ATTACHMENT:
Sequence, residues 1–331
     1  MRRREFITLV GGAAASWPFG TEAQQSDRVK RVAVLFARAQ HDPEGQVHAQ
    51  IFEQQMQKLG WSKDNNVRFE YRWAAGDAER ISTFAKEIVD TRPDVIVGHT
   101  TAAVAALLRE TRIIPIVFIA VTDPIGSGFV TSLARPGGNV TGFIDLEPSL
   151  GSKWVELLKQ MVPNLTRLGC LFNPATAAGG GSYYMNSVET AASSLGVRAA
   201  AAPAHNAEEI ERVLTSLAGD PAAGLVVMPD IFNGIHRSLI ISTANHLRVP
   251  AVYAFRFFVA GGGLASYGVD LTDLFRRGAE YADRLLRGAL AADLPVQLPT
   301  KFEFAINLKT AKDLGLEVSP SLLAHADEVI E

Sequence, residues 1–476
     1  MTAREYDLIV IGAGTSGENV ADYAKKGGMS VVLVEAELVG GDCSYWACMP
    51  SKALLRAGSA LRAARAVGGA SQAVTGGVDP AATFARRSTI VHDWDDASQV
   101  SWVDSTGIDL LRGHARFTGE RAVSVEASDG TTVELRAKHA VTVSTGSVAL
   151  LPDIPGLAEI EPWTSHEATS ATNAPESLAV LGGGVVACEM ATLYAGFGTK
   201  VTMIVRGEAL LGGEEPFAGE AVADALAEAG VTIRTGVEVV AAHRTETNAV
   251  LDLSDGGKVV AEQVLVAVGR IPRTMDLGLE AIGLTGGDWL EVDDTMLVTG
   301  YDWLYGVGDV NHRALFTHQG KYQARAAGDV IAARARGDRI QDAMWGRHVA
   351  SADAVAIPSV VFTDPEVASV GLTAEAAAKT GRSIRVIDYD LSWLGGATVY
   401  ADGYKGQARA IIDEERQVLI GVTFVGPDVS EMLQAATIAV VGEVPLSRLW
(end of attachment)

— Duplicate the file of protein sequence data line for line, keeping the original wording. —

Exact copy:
Sequence, residues 1–331
     1  MRRREFITLV GGAAASWPFG TEAQQSDRVK RVAVLFARAQ HDPEGQVHAQ
    51  IFEQQMQKLG WSKDNNVRFE YRWAAGDAER ISTFAKEIVD TRPDVIVGHT
   101  TAAVAALLRE TRIIPIVFIA VTDPIGSGFV TSLARPGGNV TGFIDLEPSL
   151  GSKWVELLKQ MVPNLTRLGC LFNPATAAGG GSYYMNSVET AASSLGVRAA
   201  AAPAHNAEEI ERVLTSLAGD PAAGLVVMPD IFNGIHRSLI ISTANHLRVP
   251  AVYAFRFFVA GGGLASYGVD LTDLFRRGAE YADRLLRGAL AADLPVQLPT
   301  KFEFAINLKT AKDLGLEVSP SLLAHADEVI E

Sequence, residues 1–476
     1  MTAREYDLIV IGAGTSGENV ADYAKKGGMS VVLVEAELVG GDCSYWACMP
    51  SKALLRAGSA LRAARAVGGA SQAVTGGVDP AATFARRSTI VHDWDDASQV
   101  SWVDSTGIDL LRGHARFTGE RAVSVEASDG TTVELRAKHA VTVSTGSVAL
   151  LPDIPGLAEI EPWTSHEATS ATNAPESLAV LGGGVVACEM ATLYAGFGTK
   201  VTMIVRGEAL LGGEEPFAGE AVADALAEAG VTIRTGVEVV AAHRTETNAV
   251  LDLSDGGKVV AEQVLVAVGR IPRTMDLGLE AIGLTGGDWL EVDDTMLVTG
   301  YDWLYGVGDV NHRALFTHQG KYQARAAGDV IAARARGDRI QDAMWGRHVA
   351  SADAVAIPSV VFTDPEVASV GLTAEAAAKT GRSIRVIDYD LSWLGGATVY
   401  ADGYKGQARA IIDEERQVLI GVTFVGPDVS EMLQAATIAV VGEVPLSRLW